|Inspection of critical systems such as piping within nuclear power plants is an important task that is complicated and time-consuming. Part of the inspection process includes checking for cracks on the metallic surfaces of components using video. Current automatic crack detection methods often fail to detect cracks that are tiny with low contrast. The components' surfaces might have textures, such as scratches, welds, and grind marks, with a similar appearance to cracks, which an automatic crack detection system could easily misidentify as a crack. Given these limitations, videos must be manually checked, which is time-consuming and subjective.
Researchers at Purdue University have developed a method of automatically detecting cracks in videos based on local binary pattern (LBP) and Bayesian decision theory. LBP can distinguish between the textures of cracks from background scratches, welds, and grind marks in video frames. This is followed with using the Bayes decision theory to remove falsely-detected cracks by tracking the cracks in different video frames. This method was tested on 20 nuclear power plant inspection videos, with results showing that this method is more robust than any other approach.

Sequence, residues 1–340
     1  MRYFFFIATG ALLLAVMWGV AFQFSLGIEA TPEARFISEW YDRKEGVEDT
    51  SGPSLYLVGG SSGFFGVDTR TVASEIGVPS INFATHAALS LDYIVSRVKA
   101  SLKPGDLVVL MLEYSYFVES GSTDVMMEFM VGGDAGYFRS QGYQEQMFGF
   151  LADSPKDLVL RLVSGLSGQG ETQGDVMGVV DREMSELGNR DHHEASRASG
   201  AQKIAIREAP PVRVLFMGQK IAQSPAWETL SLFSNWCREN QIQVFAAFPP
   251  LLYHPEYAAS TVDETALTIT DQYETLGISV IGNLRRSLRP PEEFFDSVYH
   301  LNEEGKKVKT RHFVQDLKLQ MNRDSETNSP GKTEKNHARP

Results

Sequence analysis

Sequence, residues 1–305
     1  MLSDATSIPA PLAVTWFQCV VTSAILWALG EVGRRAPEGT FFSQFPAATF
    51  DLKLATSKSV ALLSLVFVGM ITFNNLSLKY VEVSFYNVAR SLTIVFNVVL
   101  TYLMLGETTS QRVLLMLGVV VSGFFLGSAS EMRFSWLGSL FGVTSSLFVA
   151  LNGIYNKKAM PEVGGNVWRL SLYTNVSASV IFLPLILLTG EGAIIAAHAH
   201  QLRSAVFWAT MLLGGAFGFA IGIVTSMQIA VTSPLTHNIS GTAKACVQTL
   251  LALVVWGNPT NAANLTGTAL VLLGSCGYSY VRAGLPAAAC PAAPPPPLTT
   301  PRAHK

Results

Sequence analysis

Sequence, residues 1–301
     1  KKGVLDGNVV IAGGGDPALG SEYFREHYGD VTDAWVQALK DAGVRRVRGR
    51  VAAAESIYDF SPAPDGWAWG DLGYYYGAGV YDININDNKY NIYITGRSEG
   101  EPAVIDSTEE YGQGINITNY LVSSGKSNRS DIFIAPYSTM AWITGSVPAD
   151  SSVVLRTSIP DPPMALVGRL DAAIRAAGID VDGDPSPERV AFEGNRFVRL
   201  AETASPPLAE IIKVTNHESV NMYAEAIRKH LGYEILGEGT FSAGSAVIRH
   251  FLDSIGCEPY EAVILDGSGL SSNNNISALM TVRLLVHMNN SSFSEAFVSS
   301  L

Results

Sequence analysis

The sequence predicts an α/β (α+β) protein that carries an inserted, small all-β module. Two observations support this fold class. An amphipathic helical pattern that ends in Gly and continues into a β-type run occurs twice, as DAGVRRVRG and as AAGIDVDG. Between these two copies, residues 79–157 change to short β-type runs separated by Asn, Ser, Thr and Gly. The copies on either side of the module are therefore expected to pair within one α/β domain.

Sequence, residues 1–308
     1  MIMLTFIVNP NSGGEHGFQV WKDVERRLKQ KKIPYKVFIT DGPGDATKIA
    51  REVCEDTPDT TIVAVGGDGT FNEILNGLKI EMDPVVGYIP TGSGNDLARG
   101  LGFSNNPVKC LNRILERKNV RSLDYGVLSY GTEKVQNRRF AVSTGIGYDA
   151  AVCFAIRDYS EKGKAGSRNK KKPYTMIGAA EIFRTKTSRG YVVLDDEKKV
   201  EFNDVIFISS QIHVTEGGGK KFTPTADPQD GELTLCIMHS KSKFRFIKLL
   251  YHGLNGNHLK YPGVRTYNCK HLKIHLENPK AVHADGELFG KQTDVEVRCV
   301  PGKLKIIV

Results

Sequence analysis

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-Fast and accurate tiny crack detection
-Identifies and removes false-cracks
-More robust than alternatives
-Critical infrastructure inspections
-Nuclear power plant inspections
-Coal or steel plant inspections
Fu-Chen Chen, Mohammad Reza Jahanshahi. NB-CNN: Deep Learning-Based Crack Detection Using Convolutional Neural Network and Naive Bayes Data Fusion. IEEE Transactions on Industrial Electronics, Volume PP, Issue 99, 2017. DOI 10.1109/TIE.2017.2764844.
May 26, 2017
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